In the early 2000s, Parker and his partner moved to a remote village in West Wales and met Reg and George, a couple for over 60 years who settled there at a time when their relationship could have landed them in prison. The four men became firm friends, and when Reg and George died within a few weeks of one another, they willed their house, Rhiw Goch-the Red Hill-to Parker and his partner. This spellbinding, gorgeously written book is a portrait of two relationships through the ebb and flow of the seasons. It is also a valuable portrait of the queer rural experience.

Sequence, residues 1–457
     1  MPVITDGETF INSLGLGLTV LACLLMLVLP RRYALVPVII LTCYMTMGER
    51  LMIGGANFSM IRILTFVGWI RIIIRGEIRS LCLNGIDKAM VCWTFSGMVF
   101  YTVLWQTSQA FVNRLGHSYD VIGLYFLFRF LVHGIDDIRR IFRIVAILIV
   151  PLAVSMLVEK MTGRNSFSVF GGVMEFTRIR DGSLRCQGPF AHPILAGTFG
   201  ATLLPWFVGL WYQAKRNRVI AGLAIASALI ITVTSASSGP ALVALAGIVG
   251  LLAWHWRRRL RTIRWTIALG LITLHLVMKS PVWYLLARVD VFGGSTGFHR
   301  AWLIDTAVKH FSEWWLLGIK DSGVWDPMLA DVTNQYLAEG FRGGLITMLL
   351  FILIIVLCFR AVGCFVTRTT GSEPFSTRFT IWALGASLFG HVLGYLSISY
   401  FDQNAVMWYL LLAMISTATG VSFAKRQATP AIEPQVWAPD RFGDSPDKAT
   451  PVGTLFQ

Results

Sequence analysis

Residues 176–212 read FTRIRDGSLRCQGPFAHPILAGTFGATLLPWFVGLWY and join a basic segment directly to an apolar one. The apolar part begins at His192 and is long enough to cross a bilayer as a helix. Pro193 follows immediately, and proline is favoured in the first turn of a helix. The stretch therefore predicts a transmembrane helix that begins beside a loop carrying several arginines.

Parker’s prose is lush and vivid; just occasionally the descriptive passages are so rich that one recoils. The sense of quotidian drama is a little excluding, like listening to someone on acid – and indeed, he is a little partial, he tells us, to the odd magic mushroom. At the culmination of the book, headed “Peredur”, we learn a great deal about his qualities, the man’s depth, his innate charm, his depth, his relationship to the land, his instinctive homebuilding. What we don’t really get is a description of him – his face, his body, his smell. So [Parker's] climactic chapter is ultimately somewhat impersonal.